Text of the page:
source from : http://www.naturemalaysia.com/snake-bites.htm
Poisonous Snakes in Southeast Asia
'Venomous snakes are not poisonous' - The statement above is meant to correct the misnomer of snakes being poisonous, rather than venomous. Poison is something that becomes harmful when ingested or absorbed through the skin while venom is dangerous when injected into the body. Certain frogs, plants and fungi can be poisonous while all snakes that can inject venom are venomous. This is why one can consume snake venom without any ill-effects provided there are no open sores or ulcers in the stomach. So don't be tricked by the wonders of witch doctors or medicine men that perform this act. The venomous snakes of Southeast Asia can be divided into the Elapidae family, which are cobras, kraits, coral snakes and sea snakes; and Crotalidae, belonging to local pit-vipers that are mostly from the Trimeresurus species group.
Local rear-fanged Colubridae species also secrete venom through the rear fangs but their mode of delivery is highly inefficient, rendering them incapable of delivering serious envenomations in a majority of cases. In Malaysia, snakes bites occur frequently in the northern part of the peninsular, but fatalities are rare. Also, it is often a misconception that snakes inject their venom directly into the blood stream.
Unless the fang hits a nerve, the venom enters primarily through the lymphatic system. Most cases of venomous snake bites on land occur from these species; Calloselasma Rhodostoma (accounts for the highest number of authenticated venomous snake bite in Peninsular Malaysia), Trimeresurus wagleri, Trimeresurus purpureomaculatus, Naja sumatrana and Naja kaouthia. Bites from the king cobra or Ophiophagus hannah are very rare but some cases are fatal. Sea snake bites are also very serious in nature and fatalies are not uncommon.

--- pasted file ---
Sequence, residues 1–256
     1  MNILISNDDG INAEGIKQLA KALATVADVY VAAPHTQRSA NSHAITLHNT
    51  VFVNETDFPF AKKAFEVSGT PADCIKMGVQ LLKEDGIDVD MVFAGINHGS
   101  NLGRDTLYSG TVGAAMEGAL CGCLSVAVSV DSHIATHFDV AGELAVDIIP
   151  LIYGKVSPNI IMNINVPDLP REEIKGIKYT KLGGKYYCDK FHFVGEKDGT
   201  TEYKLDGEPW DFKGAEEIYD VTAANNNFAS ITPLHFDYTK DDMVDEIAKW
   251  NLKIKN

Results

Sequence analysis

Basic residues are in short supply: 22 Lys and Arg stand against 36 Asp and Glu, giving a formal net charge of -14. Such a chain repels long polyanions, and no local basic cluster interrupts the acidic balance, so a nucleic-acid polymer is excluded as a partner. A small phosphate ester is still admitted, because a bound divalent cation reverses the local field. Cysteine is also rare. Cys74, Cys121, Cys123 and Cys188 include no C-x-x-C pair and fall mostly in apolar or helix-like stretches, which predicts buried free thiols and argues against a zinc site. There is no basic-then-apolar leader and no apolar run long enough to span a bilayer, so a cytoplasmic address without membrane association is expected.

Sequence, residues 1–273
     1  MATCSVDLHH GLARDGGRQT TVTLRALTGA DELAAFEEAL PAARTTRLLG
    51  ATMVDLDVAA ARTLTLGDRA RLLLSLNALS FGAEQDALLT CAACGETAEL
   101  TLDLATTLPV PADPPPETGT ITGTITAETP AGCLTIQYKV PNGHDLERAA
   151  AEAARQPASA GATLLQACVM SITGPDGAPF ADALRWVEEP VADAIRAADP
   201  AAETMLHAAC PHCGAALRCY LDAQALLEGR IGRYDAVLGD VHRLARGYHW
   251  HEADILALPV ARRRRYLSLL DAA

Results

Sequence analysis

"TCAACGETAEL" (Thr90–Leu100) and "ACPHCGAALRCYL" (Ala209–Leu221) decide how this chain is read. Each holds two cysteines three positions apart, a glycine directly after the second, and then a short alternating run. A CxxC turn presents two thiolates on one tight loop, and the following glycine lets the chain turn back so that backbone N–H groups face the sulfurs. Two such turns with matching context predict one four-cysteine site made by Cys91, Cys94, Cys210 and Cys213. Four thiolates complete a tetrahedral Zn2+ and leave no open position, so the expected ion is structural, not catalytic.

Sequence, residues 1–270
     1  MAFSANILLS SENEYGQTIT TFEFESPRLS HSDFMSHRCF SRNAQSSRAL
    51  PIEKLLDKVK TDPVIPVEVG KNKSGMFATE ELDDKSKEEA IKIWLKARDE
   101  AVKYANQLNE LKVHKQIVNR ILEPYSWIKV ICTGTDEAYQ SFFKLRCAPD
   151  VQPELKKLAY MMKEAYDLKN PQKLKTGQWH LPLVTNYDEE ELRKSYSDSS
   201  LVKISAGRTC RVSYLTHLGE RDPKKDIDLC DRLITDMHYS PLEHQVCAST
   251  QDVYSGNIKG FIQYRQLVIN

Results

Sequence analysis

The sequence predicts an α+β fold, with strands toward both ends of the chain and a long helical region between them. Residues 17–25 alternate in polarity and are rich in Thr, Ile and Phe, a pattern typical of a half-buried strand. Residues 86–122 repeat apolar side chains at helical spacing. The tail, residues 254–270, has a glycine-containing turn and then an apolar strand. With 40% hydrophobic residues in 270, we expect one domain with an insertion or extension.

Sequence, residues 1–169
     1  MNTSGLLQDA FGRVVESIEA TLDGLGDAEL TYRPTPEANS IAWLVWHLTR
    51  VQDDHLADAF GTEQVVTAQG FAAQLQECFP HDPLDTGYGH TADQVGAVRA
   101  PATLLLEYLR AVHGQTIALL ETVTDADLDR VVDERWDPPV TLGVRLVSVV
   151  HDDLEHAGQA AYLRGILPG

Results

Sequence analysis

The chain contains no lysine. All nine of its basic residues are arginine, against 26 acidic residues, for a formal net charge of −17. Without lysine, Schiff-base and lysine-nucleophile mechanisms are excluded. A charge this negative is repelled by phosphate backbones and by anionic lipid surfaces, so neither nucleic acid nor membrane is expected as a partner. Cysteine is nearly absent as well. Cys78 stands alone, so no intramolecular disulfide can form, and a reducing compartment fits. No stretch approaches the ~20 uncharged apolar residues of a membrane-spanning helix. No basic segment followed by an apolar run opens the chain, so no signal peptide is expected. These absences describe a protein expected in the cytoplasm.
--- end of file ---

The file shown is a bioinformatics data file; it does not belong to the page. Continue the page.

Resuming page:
Other medically significant snakes include Bungarus candidus, Bungarus fasciatus, Calliophis species (coral snakes) and other Trimeresurus species of vipers. There is an overwhelming number of cases where the snake responsible was not identified, but generally, the systematic or topical effects of the envenomation will point in the approriate direction and proper treatment.
Elapids generally possess a neurotoxic venom; this attacks the nervous system of the body, causing numbness in the bitten area, paralysis, possible swelling and pain, and a culmunative effect that eventually leads to respiratory failure. Some species such as those from the Calliophis family may not even leave any topical effects or produce significant pain through their bite (also due to having very tiny fangs).
Neurotoxic venom is deadly because of the risk of cardiac arrest or paralysis, incapaciting a victim from getting help if alone. Viper venom, which is usually hemotoxic, cytotoxic or a combination of both, acts to destroy blood cells and tissue linings, causing massive hemorrhaging, inflamation, oedema and clotting defect. Moderate to immense pain will occur. Major symptons in most cases usually subside within a few days, but for extremely serious cases, amputations may be necessary if necrosis occurs. Viper venom is very damaging to tissue and causes excruciating pain as well as greatly weakening the immune system. Disfigurement or loss of body members is one of the greatests fears from a viper bite.